The Black Tapes Podcast, hosted by Alex Reagan centers around a journalistic investigation that leads to an interaction with the mysterious Dr. Richard Strand of the Strand Institute. Strand is a puzzle box of a personality apparently holding onto deep secrets as he works as a skeptic to disprove supernatural phenomenon. It’s this interaction which switches the focus of Alex’s initial investigation onto a collection of “black tapes” Dr. Strand has in his possession, and onto Dr. Strand himself. Strand becomes a jumping off point for investigations into supernatural phenomenon and strange occurrences which may or may not be related. From here I will let you listen on your own….
Tanis, hosted by Nic Silver centers around Nic’s interest in the myth of Tanis. Nic takes along Meerkatnip, a subversive information broker (read that as hacker) to unlock the possible last great mystery of our age: Tanis, a purported mythical city that may or may not exist as a city, but rather/also an idea, or concept, or awareness of knowledge/enlightenment. Nic’s investigation, which starts out simple enough soon becomes layered in characters and conspiracy that creep into his life tugging at the threads of something that should exist in the hive mind of human mythology like Atlantis or Sasquatch, but seemingly has remained hidden, even in the information age, except from a few…the Runners. From here I will let you listen on your own….
Both podcasts deal with esoteric concepts laced with arcane theory with detours through the historical, the supernatural, the mythical, the religious, and the geographic Pacific Northwest of North America. Alex Reagan and Nic Silver appear on both shows and it may not be too far of a stretch to suggest that deep beneath the two shows’ thick atmospheres of mystery their respective narratives share the same mythology if not the same DNA. This remains to be seen.
Both podcasts are docu-dramas and presented in a form similar to Serial. It’s a format that serves the type of storytelling being presented well and lends the hosts and their content an anchor in our world that brings it validation and believability. In fact, the convincing nature of the storytelling is so robust I find myself doubting that I am listening to works of fiction and have often questioned whether or not what I am listening to is real. I am questioning the boundaries of realites myself this very moment in fact. There in lies the beauty of Alex and Nic. They are reliable narrators in the avatars of journalists and I have come to trust them completely.
The narratives of both podcasts are complex. These are not podcasts to be listen to casually or in the presence of notable distractors. They are both presenting layered dramatic arcs with events, characters, subjects, and objects, all of which are of enigmatic relevance. The effects are that you may need to listen through episodes more than once…or take notes. You don’t lose out on the enjoyment if you don’t. But, you do need to pay attention. None of this is negative. I have opted to re-listen to both podcasts and like a favorite television series it gets better the second time through.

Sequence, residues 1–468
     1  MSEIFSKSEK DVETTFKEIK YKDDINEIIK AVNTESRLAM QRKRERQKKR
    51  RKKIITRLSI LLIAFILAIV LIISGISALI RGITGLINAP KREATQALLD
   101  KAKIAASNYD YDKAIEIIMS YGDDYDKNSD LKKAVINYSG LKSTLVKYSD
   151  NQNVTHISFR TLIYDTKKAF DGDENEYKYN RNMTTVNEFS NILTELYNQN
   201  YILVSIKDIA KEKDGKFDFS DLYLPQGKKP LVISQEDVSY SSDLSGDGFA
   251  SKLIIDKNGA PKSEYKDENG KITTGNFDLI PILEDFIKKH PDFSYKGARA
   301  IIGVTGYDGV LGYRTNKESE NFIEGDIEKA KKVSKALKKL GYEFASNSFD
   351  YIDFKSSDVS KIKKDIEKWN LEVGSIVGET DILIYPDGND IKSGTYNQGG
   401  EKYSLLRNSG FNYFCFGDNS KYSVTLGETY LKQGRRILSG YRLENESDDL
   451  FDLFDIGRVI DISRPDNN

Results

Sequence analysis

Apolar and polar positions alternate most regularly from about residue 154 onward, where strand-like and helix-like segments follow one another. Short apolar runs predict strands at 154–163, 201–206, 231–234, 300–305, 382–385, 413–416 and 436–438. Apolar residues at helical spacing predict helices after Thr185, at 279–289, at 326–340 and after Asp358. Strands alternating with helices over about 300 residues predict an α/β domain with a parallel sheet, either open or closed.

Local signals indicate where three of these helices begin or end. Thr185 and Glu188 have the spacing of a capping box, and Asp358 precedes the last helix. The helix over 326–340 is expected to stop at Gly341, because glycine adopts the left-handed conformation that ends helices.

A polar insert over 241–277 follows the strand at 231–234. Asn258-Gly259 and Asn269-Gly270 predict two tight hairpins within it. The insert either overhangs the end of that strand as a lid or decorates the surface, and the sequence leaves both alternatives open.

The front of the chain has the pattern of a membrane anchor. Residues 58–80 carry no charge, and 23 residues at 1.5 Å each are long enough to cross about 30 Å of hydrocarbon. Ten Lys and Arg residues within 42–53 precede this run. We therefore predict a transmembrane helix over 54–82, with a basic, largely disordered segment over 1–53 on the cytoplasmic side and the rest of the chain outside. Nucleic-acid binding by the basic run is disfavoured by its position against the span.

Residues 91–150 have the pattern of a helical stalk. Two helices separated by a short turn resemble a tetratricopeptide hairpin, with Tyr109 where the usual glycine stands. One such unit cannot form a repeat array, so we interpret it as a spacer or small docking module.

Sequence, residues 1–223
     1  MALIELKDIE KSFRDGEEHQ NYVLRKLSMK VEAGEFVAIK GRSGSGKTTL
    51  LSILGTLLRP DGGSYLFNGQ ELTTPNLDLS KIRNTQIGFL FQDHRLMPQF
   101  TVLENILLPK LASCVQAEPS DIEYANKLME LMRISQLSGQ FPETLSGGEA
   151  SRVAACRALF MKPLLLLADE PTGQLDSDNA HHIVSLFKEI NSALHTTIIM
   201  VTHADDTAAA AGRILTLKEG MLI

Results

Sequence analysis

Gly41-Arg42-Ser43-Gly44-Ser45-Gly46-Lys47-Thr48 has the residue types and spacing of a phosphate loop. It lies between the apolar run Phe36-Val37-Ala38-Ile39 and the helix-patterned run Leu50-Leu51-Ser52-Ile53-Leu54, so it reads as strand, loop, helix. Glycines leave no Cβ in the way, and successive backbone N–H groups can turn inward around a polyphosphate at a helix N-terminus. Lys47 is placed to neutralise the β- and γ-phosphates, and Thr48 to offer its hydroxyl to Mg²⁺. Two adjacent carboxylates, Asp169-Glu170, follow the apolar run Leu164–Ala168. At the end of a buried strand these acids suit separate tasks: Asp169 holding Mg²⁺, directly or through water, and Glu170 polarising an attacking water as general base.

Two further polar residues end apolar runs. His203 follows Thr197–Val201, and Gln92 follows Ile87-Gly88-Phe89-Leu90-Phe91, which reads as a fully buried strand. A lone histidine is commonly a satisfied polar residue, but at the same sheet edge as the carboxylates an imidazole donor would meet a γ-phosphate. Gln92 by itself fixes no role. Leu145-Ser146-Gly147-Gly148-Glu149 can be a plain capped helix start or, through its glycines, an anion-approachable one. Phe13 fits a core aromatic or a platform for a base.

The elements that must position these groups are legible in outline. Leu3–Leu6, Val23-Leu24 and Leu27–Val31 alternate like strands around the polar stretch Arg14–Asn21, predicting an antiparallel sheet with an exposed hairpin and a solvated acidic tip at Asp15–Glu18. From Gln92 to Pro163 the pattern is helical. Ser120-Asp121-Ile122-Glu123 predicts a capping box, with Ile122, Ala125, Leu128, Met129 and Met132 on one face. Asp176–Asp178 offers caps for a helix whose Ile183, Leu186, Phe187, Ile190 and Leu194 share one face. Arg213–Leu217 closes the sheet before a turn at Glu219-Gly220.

In preparation for sharing this experience with you I started to research the origins and relationship between Pacific Northwest Stories (PNWS) and Minnow Beats Whale in an attempt to learn more about the creative team behind these enigmatic audio treasures. I’m still a bit foggy on the nuances of their connection and the personalities listed on their respective websites. A bit more digging may be required by those of you interested in the nature of their tethered existence. Furthermore, I’d suggest there is a deliberate effort to reduce the amount of readily available information in an attempt to allow their creations to sit in the shadowy world they’ve generated and one that would be suited to host an alternate reality game.
There is an active place over on Reddit for the fans to come together and dissect such things.
I for one am content scratching at the surface (for now) of what I suggest is a rare and alluring platform to generate superior storytelling in an age where we can suffer from inept, narcissistic, and socially valueless content disguised as news, entertainment, or opinion. My fear was just this. I wasn’t initially sure what podcasts were and what podcasts could but I did fear they would become nothing but clearing houses for such substance and their potential would fall by the wayside. Thankfully podcasts broke out into genres and Modern Audio Drama is a thing.
As I often tell my students, simply being born with talent doesn’t absolve you from the acquisition of skill. Skill is the tool in which we carve our talent into existence. It’s clear the PNWS team of Paul Bae (Partner Producer), Terry Miles (partner Producer), Alex Reagan (Host), Nic Silver (Host, Producer), Christiana Raines (Producer Emeritus) and Alan Williams (Engineer) along with their cavalcade of researchers have setup a formula for success. This success is evident in the reception their work has received: the high review marks on iTunes are evidence of this.
The podcast market is saturated with professionals, moderates, and neophytes. There is more content available than one could listen to in a lifetime. In our western society of instant gratification and our on-demand mentality its refreshing to have works of art like the Black Tapes Podcast and Tanis to turn to. These are podcasts that actively challenge us to keep up and pay attention. The team behind them understand the power of the medium they’ve chosen to channel their message, and that should be respected. I for one finally feel I understand what podcasts are, what podcasts were meant for, and PNWS is what I wanted podcasts to be.
Please investigate them and give them both a listen. They had the power to influence my appreciation of an entire medium and open the doors to other fantastic podcasts. I sincerely hope they may at least give you a thrill and/or a chill.
Until next time I bid thee love and merriment.